Books, Culture and Society

Beatrix The Lady Behind The Books

Helen Beatrix Potter (28 July 1866 - 22 December 1943) was an English author, illustrator.

Beatrix The Lady Behind The Books

Sally’s Cottages looks at the Lady behind the books

Helen Beatrix Potter (28 July 1866 – 22 December 1943) was an English author, illustrator, mycologist and conservationist best known for children’s books featuring anthropomorphic characters such as in The Tale of Peter Rabbit which celebrated the British landscape and rural lifestyle.

Born into a privileged household, Potter, along with her younger brother, Walter Bertram, grew up with few friends outside her large extended family. As children they had numerous pets and spent holidays in the south of England, in Scotland, and in the English Lake District. There she developed a love of the natural world which she closely observed and painted from an early age. Her parents were artistic and interested in nature and the out of doors. While Beatrix was happily never sent off to boarding school, her education in languages, literature, science and history was broad and she was an eager student.

Although she was provided with private art lessons, Beatrix preferred to develop her own style, particularly favouring watercolour. In her twenties, she concentrated on the study of fungi mycology, of ancient artefacts archaeology, and of geology, and achieved a measure of respect from the scientific establishment for her reproduction of fungi spores and her scientific illustrations. In her thirties, Potter published the highly successful children’s book The Tale of Peter Rabbit publishing it privately, and then in 1902 as a small, three-colour illustrated book with Frederick Warne & Co. Between 1902 and 1918 she published over twenty popular children’s books.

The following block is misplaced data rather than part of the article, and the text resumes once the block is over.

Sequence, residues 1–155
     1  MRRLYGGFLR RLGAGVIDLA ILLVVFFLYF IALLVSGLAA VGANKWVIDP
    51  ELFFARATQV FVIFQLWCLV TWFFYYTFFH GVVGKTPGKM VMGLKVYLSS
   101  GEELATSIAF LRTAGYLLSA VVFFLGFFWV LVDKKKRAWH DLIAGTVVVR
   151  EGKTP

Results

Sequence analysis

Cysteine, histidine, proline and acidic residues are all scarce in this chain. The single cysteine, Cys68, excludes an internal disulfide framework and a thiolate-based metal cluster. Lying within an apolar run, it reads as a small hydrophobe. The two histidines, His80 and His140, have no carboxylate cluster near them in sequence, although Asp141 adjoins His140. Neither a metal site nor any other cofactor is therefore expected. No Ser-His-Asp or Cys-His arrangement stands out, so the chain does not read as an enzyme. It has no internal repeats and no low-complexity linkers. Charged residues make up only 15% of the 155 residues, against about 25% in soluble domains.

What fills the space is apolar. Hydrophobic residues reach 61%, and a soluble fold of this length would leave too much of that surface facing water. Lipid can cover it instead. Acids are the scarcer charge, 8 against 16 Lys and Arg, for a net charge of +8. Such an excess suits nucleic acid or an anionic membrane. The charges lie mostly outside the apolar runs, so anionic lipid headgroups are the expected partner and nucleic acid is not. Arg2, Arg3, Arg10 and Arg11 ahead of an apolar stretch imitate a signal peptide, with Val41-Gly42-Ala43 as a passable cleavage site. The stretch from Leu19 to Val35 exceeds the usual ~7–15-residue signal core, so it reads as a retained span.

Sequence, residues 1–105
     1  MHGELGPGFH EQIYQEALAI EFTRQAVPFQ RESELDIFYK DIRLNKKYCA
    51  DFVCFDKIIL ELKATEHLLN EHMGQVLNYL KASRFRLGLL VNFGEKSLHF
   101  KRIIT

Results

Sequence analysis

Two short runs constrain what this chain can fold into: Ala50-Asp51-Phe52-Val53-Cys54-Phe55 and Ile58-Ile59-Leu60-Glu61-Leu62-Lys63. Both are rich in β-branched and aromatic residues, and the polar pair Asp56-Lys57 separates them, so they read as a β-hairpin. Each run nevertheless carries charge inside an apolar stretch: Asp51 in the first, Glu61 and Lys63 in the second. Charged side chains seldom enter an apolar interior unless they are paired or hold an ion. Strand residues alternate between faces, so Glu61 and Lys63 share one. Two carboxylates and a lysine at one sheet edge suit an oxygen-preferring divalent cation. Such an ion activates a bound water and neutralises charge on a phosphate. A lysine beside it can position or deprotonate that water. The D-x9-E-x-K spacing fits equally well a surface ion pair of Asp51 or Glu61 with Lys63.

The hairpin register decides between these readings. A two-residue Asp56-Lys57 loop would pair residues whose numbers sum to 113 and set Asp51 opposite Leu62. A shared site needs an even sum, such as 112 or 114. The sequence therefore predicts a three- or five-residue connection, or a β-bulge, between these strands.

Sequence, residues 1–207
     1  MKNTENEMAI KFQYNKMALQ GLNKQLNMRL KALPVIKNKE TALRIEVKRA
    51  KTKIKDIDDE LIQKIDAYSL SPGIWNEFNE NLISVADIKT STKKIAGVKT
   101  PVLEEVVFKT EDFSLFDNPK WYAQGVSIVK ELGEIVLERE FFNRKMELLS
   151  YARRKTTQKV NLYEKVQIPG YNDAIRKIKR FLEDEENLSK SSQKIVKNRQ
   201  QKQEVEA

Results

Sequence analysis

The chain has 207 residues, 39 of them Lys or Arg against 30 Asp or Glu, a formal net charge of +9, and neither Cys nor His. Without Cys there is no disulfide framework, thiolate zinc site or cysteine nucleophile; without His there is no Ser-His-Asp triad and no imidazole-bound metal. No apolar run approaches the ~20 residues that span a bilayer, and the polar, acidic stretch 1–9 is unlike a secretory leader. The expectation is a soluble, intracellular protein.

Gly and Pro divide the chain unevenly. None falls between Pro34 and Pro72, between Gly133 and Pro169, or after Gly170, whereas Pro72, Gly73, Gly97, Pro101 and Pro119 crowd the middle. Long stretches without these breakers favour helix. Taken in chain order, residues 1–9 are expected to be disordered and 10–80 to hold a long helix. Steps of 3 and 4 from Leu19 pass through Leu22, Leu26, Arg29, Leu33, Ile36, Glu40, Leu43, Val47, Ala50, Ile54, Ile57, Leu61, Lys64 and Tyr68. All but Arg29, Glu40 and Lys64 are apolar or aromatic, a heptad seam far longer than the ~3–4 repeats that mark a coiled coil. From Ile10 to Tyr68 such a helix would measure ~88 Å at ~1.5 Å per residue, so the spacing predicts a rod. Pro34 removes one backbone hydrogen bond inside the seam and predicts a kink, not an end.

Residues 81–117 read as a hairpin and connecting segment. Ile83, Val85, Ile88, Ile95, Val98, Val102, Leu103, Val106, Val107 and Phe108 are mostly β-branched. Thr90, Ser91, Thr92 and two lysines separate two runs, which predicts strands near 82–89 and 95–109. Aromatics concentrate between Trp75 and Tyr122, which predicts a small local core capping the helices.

With the proceeds from the books and a small legacy from an aunt, Potter bought Hill Top Farm in Near Sawrey, a tiny village in the English Lake District near Ambleside. Over the next several decades, she purchased additional farms to preserve the unique hill country landscape. In 1913 at the age of 47 she married William Heelis, a respected local solicitor from Hawkshead. Potter became a prize-winning breeder of Herdwick sheep and a prosperous farmer keenly interested in land preservation.

She continued to write and illustrate children’s’ books for Warne after her marriage until the duties of land management and diminishing eyesight made it difficult to continue. Beatrix Potter published over twenty-three books, the best are those written between 1902 and 1918. Potter died on 22 December 1943 at Castle Cottage, Near Sawrey, leaving almost all of her property to National Trust. She is credited with preserving much of the land that now comprises the Lake District National Park.

Potter’s books continue to sell throughout the world, in multiple languages. Her stories have been retold in song, film, ballet and animation.